Pet Therapy relieves student stress

Photo by Kirsten Reynolds

On Thursday, June 14, students in the Molecular Science and Engineering Building were treated to a visit from two furry friends: therapy dogs Jake and Zeus.

The visit was part of the Pet Therapy program run by Health Initiatives. Pet Therapy was launched last March to bring therapy animals to campus more frequently, and Thursday’s visit is the first of two sessions this summer.

The lovable faces of Jake and Zeus may have looked familiar to some students because the two dogs have visited Tech before through the program.

“We work with an organization called Happy Tails,” said Jocelyn Resnick, a Health Educator at Health Initiatives who organizes the pet therapy sessions. “Happy Tails has volunteers from all over Atlanta and Georgia who register their pets as therapy animals.”

While Happy Tails counts dogs, cats, and bunnies as members, the pets that visit Tech are typically dogs. Resnick works with Happy Tails to coordinate when and where the animals will visit.

“I try to diversify the locations as best I can to reach as many students as possible,” she said. “One really great location is the BioQuad, the Molecular Science and Engineering Building, which is where our last visit was. That spot has been really great because I’ve been able to hit graduate students, and graduate students wouldn’t necessarily come to the Student Center. That has been really popular, and I know the volunteers like that spot too.”

Pet therapy has a history on Tech’s campus. During finals week every semester, students flock to the Price Gilbert Memorial Library to visit therapy dogs for  much-needed comfort and stress relief amid studying.

Pet therapy during finals week has become a cherished campus tradition.

Health Initiatives made the decision to launch a more regular Pet Therapy program last semester to address the fact that college students can feel immense stress at any time of the year.

“Georgia Tech students are always stressed, not just during finals week,” said Resnick. “The idea was to bring the pets in more often to help relieve stress.”

Pet Therapy is one of many Health Initiative programs —  such as Well-Being Activators, Fit to Thrive, and the Adulting series — designed to improve student well-being.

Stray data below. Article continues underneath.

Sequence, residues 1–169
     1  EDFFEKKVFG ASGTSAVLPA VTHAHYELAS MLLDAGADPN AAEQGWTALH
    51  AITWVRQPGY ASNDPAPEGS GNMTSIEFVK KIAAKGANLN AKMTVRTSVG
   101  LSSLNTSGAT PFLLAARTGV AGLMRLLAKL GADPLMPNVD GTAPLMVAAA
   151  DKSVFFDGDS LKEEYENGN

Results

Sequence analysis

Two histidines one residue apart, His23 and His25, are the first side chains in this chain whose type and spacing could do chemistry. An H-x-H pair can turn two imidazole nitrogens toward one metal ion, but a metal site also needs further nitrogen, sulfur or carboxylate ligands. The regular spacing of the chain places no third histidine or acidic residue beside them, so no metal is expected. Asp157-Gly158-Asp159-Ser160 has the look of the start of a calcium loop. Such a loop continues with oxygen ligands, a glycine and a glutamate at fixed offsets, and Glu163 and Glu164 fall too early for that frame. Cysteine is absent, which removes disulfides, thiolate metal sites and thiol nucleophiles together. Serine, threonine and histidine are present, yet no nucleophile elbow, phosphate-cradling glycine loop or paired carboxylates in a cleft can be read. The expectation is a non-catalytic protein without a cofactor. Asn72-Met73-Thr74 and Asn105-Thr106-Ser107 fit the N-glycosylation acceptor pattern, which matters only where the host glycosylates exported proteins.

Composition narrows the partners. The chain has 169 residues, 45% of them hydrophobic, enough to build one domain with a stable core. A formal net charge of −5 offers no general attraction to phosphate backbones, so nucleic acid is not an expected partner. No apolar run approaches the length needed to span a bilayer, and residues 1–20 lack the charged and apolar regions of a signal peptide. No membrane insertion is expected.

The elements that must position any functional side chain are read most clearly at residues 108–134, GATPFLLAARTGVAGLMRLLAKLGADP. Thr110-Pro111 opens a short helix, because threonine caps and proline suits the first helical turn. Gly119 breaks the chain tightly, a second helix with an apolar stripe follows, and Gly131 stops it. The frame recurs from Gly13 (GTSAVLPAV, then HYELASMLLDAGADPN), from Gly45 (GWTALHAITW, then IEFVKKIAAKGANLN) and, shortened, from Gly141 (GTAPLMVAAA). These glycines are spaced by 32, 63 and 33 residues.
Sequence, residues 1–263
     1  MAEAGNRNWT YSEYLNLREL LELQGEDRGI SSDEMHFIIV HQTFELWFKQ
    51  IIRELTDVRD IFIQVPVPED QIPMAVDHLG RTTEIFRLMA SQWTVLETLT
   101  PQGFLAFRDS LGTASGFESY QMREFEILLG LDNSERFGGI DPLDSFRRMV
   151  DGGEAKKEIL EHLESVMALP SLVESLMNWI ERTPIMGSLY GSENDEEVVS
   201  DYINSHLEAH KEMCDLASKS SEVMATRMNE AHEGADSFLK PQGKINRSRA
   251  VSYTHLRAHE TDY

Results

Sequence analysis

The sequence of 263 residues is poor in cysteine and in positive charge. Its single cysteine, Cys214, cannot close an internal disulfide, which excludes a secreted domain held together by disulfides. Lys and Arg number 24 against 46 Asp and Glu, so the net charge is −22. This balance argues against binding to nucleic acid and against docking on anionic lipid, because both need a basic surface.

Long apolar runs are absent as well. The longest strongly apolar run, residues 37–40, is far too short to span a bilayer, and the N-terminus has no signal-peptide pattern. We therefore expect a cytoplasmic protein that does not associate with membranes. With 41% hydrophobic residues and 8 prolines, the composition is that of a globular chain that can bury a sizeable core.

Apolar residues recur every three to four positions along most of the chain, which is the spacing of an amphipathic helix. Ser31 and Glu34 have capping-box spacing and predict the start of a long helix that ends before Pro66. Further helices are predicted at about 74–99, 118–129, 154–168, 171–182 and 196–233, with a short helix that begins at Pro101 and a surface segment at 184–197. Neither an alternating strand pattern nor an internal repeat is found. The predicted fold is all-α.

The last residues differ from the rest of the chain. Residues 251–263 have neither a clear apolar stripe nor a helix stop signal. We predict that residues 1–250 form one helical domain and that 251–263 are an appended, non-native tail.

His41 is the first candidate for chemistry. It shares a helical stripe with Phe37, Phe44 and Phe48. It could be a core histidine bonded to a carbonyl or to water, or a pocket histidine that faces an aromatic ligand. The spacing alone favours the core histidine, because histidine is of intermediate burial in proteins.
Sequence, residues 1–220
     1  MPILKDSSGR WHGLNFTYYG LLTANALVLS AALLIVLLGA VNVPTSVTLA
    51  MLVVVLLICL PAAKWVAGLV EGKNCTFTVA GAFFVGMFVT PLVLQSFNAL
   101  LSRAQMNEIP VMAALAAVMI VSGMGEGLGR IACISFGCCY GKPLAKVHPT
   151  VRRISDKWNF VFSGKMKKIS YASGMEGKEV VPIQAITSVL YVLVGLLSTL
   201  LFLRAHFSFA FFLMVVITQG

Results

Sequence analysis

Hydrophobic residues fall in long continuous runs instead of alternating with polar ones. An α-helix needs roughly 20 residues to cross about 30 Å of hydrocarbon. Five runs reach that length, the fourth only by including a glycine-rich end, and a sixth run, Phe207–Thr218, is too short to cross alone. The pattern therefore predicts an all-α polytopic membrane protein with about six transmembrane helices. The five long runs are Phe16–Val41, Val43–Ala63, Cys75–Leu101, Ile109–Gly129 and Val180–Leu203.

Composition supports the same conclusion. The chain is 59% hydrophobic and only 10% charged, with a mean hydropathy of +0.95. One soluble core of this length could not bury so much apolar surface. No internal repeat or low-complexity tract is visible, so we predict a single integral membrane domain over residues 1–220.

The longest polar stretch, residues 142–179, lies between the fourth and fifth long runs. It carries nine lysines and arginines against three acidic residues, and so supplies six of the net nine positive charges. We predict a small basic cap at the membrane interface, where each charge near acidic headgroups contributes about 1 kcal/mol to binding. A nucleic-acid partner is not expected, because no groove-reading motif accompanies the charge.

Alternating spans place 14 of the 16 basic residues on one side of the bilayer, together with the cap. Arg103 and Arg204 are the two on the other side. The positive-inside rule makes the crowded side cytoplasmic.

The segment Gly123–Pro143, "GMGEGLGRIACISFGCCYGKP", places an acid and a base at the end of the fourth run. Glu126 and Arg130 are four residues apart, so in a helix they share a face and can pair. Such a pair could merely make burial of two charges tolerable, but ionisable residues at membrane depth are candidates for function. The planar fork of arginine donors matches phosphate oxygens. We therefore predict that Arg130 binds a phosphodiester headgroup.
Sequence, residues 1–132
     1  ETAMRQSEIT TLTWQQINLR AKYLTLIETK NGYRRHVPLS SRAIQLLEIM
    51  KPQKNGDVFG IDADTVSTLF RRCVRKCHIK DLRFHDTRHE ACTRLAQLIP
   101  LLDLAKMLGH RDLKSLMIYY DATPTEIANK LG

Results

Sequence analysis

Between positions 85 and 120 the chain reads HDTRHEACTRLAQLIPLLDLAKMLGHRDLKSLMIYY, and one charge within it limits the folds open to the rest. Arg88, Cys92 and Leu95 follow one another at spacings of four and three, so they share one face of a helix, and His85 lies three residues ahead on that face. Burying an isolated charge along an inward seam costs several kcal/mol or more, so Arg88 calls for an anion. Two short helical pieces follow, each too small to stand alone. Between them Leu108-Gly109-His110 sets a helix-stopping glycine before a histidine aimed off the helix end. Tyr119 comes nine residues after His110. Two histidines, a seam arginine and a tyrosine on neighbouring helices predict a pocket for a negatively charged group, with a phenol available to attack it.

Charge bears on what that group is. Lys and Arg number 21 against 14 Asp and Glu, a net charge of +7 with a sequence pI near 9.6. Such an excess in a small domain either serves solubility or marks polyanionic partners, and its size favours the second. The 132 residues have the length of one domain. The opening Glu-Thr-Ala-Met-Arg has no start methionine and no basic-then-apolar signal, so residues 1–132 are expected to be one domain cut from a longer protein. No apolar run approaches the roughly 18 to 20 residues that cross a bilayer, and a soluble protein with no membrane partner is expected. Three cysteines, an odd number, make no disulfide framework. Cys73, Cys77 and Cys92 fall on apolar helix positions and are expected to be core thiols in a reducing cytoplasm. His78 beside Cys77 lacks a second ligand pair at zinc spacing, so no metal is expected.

While the stress-relieving qualities of therapy dogs may seem obvious, there is also scientific evidence supporting the idea that being around animals is beneficial to one’s mental health.

“Research on pet therapy shows that petting animals actually reduces stress and reduces cortisol levels,” Resnick said. “It can have physiological effects on the body — so, just from a scientific standpoint, it really helps in that capacity.”

The presence of therapy dogs on campus reminds students to take a break from their studies and to relax for a while. Students have provided positive feedback about the program, so Resnick hopes it will expand to other areas on campus in the fall.

“I’m working on diversifying the locations. We’re going to hit Scheller in the fall. Tech Green is a pretty easy location, the Student Center is pretty easy and West Village has been good,” Resnick said.

She also hopes people who want the pets to visit a location near them on campus will reach out to Health Initiatives with their requests.

Those who were not able to attend the Pet Therapy session this month will have other opportunities to meet Jake, Zeus and the other therapy dogs in the future.

“We tend to get the same volunteers coming over and over again, just because we get volunteers that live close to Tech. They love coming, and I think the dogs really like to be with college students!” Resnick said.

“It’s just fun and gives students a sense of belonging,” she continued. “I know a lot of our students have animals back home that they don’t get to see very often, so it’s something nice for them to come out to for an hour or two and just spend some time with the puppies.”

The next Pet Therapy event will take place on July 18th from 6–8 p.m. in the West Village Unplugged Room.

For more information about Pet Therapy and other programs offered by Georgia Tech Health Initiatives, go to